Anticipate This!™ | Patent and Trademark Law Blog

The London Agreement and European Patents.

Posted in Practice Commentary by Jake Ward on February 4, 2008

The Patent Baristas have a good post on the London Agreement and the effect it will have on European patents after implementation on May 1st, 2008.  See an excerpt explaining the London Agreement below.

The London Agreement is an international agreement designed to reduce the cost of validating a European patent by reducing the translation requirements at the grant stage, in states which are parties to the Agreement. . . .

In order to validate the European patent in the designated states, it is necessary to file a translation of the entire specification in an official language of the national patent office. . . .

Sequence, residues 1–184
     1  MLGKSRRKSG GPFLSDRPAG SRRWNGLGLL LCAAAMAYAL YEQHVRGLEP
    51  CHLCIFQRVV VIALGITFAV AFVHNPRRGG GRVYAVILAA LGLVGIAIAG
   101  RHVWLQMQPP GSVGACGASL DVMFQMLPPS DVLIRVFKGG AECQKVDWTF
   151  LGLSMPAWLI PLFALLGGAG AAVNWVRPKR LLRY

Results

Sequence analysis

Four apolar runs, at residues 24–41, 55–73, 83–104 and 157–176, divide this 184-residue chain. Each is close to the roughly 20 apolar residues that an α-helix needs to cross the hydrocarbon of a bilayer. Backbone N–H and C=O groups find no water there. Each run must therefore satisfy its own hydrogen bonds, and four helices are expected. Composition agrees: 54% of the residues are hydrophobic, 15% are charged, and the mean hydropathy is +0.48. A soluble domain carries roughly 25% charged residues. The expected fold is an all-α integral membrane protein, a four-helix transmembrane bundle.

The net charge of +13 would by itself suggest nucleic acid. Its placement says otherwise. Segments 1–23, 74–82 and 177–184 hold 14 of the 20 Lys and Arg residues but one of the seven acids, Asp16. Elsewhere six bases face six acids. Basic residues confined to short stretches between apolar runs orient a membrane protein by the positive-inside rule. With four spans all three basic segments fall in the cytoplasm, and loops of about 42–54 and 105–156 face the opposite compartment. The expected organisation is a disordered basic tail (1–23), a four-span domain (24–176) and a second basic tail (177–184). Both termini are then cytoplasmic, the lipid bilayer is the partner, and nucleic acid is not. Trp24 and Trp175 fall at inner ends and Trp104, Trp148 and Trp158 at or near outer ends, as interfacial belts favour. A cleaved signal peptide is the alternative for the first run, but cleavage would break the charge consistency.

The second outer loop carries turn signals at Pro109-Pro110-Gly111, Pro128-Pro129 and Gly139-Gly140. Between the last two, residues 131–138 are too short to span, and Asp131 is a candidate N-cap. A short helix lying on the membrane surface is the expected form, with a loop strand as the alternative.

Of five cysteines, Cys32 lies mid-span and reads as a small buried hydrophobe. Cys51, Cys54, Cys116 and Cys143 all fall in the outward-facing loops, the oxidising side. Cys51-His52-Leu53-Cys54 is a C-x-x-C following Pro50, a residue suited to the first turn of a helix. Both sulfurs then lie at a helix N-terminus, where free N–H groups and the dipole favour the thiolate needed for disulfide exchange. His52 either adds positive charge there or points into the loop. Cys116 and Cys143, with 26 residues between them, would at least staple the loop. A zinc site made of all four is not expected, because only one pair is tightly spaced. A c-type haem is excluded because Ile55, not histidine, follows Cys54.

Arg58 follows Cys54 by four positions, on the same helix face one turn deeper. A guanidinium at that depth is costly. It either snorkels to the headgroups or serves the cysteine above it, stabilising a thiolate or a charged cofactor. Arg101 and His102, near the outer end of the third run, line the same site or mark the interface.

Under the Agreement, if a party state has an official language in common with the EPO, then any translation requirements for validation (Art 65(1) EPC) are removed, meaning that no translation at all will be needed.

Some analysis also provided by the Daily Dose of IP, here

For more background on the EPO translation requirement to validate a European patent in certain countries, see our previous AT! post, titled EP-Oh! (Information about the European Patent Office).

3 Responses

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  1. Jake Ward said, on February 7, 2008 at 12:11 pm

    Also an article by Harold Wagner here:

  2. Jake Ward said, on February 25, 2008 at 8:56 pm

    The USPTO’s official press release on the London Agreement here: .

  3. patenttranslations said, on May 28, 2008 at 6:55 pm

    One thing that is worth noting is that the claims would still be translated in the EPO publication and the EPO already provides machine translations between the languages in question. Ao it should be fairly easy for inventors to get an idea of what is covered in a patent, even if they don’t speak the language that it was filed in

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